A few metres round the corner I picked up some more bats. The detector made the familiar babbling, squelching sounds of common pipistrelles, but this time at a higher frequency – it was a soprano pipistrelle. Horay, a new species that I can tick off my list!
With that, I decided to call it a night. I am going to need some expert help with identifying bats. Luckily I have another bat walk with experts booked. I hope that they don’t all go into hiding like last time!

Do you have any top tips for distinguishing between bat species, using a heterodyne detector?

Bats of Nutfield Marsh

Bat detector and ID chartThose of you who’ve been following this blog for a while will know that I’ve set myself the challenge of seeing every species of British animal in the wild. One group that are proving particularly tricky at the moment are bats. There are 16 species of bat resident in the UK, 14 of which live in my home county of Surrey, so it really shouldn’t be that hard. I have a bat detector, an identification chart and an app on my phone that lets me hear recordings of different bats, as played through a heterodyne bat detector. But despite all this, I’m still not making much progress. Lots of bats sound very similar to each other, and live in similar habitats, making distinguishing them hard.

In an effort to deal with this, I thought I’d get some expert help. So Dr C and I went along to a Surrey Wildlife Trust bat walk on Nutfield Marsh, led by someone who knows their bats. It was a beautiful summers day, and the clear skies meant it didn’t get dark til late. A group of around 30 people (including lots of kids) gathered in the car park, watching flocks of ring-necked parakeets. Nutfield Marsh is a nature reserve on the site of former sand pits (not the sort kids play in). It’s now been transformed into a wonderful mix of ponds, lakes, grasslands and woods. Ideal bat habitat, and home to 5 different sorts of bats (Common and Soprano Pipistrelles, Daubenton’s, Serotine and Noctules).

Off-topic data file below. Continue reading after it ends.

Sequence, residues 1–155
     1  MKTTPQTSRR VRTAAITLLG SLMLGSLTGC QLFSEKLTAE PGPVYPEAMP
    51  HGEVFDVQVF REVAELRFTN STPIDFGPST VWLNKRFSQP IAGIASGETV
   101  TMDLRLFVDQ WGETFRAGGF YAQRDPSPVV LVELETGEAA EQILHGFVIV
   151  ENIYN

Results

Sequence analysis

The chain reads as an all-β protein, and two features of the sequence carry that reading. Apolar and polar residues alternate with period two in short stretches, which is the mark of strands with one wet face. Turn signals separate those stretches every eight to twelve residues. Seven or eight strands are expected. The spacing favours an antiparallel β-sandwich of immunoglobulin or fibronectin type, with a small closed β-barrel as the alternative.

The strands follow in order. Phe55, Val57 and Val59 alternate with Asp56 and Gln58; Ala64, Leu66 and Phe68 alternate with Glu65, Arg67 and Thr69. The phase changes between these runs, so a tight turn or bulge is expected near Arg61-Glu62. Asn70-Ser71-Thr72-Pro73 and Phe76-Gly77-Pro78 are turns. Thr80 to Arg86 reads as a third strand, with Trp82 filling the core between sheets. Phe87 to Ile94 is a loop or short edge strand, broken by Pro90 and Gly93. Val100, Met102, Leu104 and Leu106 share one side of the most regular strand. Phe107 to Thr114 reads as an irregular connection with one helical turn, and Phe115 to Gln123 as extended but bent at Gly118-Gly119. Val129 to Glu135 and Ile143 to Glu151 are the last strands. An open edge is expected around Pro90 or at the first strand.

A common pipistrelle bat weighs about the same as a 2p coin
A common pipistrelle bat weighs about the same as a 2p coin

 Armed with bat detectors we wandered round the reserve, and as the dusk deepened we picked up our first bats – common pipistrelles. Common pipistrelles, as their name suggests, are the most widespread and numerous of Britain’s bats. They’re also one of the smallest, weighing the same as a 2p coin.

While it’s always good to see and hear bats, I had already crossed them off my list in May, so I was really hoping to see some new species.

We headed to the largest of the lakes, and waited as the last hint of light faded, hoping to see Daubenton’s bats feeding on the insects that flitted just above the surface of the water. We did see a few more bats, but the detectors revealed them to be common pipistrelles. Eventually, the call of bed could no longer be ignored, and we headed back to the cars.

It was a little disappointing not to see some new bats, but it was very pleasant to take a stroll round Nutfield Marsh in the cool of the evening. It’s inspiring to see how an industrial landscape can be transformed into a haven for wildlife.